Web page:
Twenty Four Hours

Charlotte Perelli
Charlotte Perelli

It’s Saturday night and I’m half-watching “ABBA – The Movie” on SBS TV. It’s not the first time I’ve seen it, and it’s not the first time it’s been on television. It’s the first time, however, it’s been shown on SBS and I can’t decide if their decision to show it relates to the current Eurovision season or the imminent release of “Mamma Mia” the movie. There were three ads in the last commercial break alone.

I watched the Eurovision semi-final tonight and thought some of the songs were okay. I was devastated that Ireland’s entry, Dustin The Turkey failed to make it through, as I thought it was genuinely funny. I loved the line in the song about how they were sorry for Riverdance. I also think it would be great to think there’s room in Eurovision for a bit of self-parody. Obviously not, as the song was booed. I’m a bit of a fan of Charlotte Perrelli from Sweden (of course), though she looks really weird these days. Too much plastic surgery or botox if you ask me.

Aside from Charlotte, my favourite tonight was the entry from Croata. It’s got everything. It opens with a well-dressed old bloke dressed entirely in white. He’s ranting about something. From there, a middle-aged bloke wearing black takes over, singing a cabaret-style tune to a piano accordian accompaniment. After a while the old bloke begins wandering around the stage. A little bit “Azheimers” if you know what I mean. Then, in a scene that reminded me of that bloke who plays beer bottles outside Paddy’s Market on the weekend, a woman emerges playing bottles filled with red liquid. Bizarre. You just know Croatia doesn’t want to win for the second successive year!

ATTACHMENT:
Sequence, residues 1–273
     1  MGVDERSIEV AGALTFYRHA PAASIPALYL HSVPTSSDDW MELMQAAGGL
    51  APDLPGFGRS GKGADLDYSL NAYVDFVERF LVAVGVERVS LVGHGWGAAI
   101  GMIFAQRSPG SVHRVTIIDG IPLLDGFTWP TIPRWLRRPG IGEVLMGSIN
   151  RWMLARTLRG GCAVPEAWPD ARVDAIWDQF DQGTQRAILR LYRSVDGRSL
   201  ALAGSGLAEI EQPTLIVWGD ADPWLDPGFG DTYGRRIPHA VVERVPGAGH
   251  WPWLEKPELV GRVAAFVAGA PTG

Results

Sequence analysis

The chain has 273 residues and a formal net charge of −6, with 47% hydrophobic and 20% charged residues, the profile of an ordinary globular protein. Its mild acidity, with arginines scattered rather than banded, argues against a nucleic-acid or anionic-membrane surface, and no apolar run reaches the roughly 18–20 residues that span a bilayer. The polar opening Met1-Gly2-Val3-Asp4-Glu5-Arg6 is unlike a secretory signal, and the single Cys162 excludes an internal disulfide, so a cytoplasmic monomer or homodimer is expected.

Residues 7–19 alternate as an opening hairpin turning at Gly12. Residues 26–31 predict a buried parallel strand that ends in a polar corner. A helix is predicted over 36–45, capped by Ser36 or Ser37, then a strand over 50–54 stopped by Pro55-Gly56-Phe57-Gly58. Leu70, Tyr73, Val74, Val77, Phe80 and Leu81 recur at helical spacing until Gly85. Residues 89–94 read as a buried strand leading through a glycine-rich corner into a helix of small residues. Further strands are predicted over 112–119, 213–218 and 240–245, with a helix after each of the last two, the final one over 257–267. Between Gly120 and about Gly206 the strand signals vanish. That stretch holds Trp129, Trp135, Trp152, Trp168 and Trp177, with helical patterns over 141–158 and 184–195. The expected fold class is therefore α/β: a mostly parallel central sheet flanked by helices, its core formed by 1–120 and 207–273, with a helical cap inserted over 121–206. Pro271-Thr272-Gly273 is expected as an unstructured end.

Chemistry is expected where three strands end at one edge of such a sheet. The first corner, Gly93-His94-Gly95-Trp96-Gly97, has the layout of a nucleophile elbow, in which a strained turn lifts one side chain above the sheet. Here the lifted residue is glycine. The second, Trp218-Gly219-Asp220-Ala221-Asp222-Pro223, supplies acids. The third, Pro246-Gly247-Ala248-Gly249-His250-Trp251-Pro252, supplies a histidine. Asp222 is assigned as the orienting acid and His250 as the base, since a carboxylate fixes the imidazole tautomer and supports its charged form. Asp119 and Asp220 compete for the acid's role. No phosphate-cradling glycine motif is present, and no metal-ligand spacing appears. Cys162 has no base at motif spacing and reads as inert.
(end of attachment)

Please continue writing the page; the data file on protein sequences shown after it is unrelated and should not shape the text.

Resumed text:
I had another Eurovision moment today at a matinee performance at the Theatre Royal by the Soweto Gospel Choir. In keeping with the themes of peace and universality in their show, the final song (before the obligatory encores) was “World In Union”. As the first strains of the song emerged I whispered, “This is very Eurovision, isn’t it?” in Andrew’s ear. I really love this song, based around the Gustav Holst’s Planet Suite, and in particular “I Vow To Thee My Country”. Unfortunately, however, I can’t mentally separate the song from the Rugby Union World Cup.

The premise for the show was “spiritual songs”, with the word “spiritual” interpreted in its broadest sense. They sang everything from reggae to pop (including a hip-hop dance) centred around the traditional gospel. About the only song that didn’t work for me was their version “Amazing Grace”. What should be a simple, heartfelt lyric took on an “American diva” quality with some overblown vocal gymnastics. To anyone attempting this song, just remember it’s about the “amazing grace” not the “amazing me”. That said, the rest of the audience LOVED it.

Aside from these minor criticisms, it was a really great show. Like, really great. I’d highly recommend it to anyone who has the chance to see the show. And afterwards, the performers held buckets collecting money to help people living with AIDS in Africa.

The only other thing I’ve done in the last 24 hours is have dinner and drinks with a mate of mine, who shall remain nameless at the moment. That’s only because it was a particularly trashy night, and she and I have our reputations to maintain. It all stated off with drink at the Clock, followed by dinner at Bills. And then of course, she said to me “Feel like a nightcap?”.

That’s where it all went wrong. A few more wines and a few more beers and we somehow found ourselves upstairs at “The Gaslight” chatting to teenage lesbians and being shown how to play an Italian card game by two young men. The best thing about getting older is that you know when it’s time to call it quits, and thank goodness we did.

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